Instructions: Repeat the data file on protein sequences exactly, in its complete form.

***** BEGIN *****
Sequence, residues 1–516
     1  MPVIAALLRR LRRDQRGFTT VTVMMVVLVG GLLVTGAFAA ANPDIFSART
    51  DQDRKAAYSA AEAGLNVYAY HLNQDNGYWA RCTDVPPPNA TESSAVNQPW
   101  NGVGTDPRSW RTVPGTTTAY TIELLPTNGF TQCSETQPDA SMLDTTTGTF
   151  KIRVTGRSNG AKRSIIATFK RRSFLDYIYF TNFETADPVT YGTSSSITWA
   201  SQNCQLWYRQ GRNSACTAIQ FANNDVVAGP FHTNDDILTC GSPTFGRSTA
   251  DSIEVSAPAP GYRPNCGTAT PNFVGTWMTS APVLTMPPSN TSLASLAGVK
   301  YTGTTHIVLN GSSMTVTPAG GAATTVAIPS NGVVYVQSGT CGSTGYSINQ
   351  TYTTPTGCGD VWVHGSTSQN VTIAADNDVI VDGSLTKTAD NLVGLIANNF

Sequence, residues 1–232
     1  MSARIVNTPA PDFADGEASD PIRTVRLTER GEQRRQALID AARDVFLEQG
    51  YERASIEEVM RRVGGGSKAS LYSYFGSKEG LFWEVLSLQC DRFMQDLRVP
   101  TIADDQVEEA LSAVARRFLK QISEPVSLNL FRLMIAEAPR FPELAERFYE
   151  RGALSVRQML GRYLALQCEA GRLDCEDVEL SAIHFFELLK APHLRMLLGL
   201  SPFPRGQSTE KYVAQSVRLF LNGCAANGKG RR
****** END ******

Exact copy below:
Sequence, residues 1–516
     1  MPVIAALLRR LRRDQRGFTT VTVMMVVLVG GLLVTGAFAA ANPDIFSART
    51  DQDRKAAYSA AEAGLNVYAY HLNQDNGYWA RCTDVPPPNA TESSAVNQPW
   101  NGVGTDPRSW RTVPGTTTAY TIELLPTNGF TQCSETQPDA SMLDTTTGTF
   151  KIRVTGRSNG AKRSIIATFK RRSFLDYIYF TNFETADPVT YGTSSSITWA
   201  SQNCQLWYRQ GRNSACTAIQ FANNDVVAGP FHTNDDILTC GSPTFGRSTA
   251  DSIEVSAPAP GYRPNCGTAT PNFVGTWMTS APVLTMPPSN TSLASLAGVK
   301  YTGTTHIVLN GSSMTVTPAG GAATTVAIPS NGVVYVQSGT CGSTGYSINQ
   351  TYTTPTGCGD VWVHGSTSQN VTIAADNDVI VDGSLTKTAD NLVGLIANNF

Sequence, residues 1–232
     1  MSARIVNTPA PDFADGEASD PIRTVRLTER GEQRRQALID AARDVFLEQG
    51  YERASIEEVM RRVGGGSKAS LYSYFGSKEG LFWEVLSLQC DRFMQDLRVP
   101  TIADDQVEEA LSAVARRFLK QISEPVSLNL FRLMIAEAPR FPELAERFYE
   151  RGALSVRQML GRYLALQCEA GRLDCEDVEL SAIHFFELLK APHLRMLLGL
   201  SPFPRGQSTE KYVAQSVRLF LNGCAANGKG RR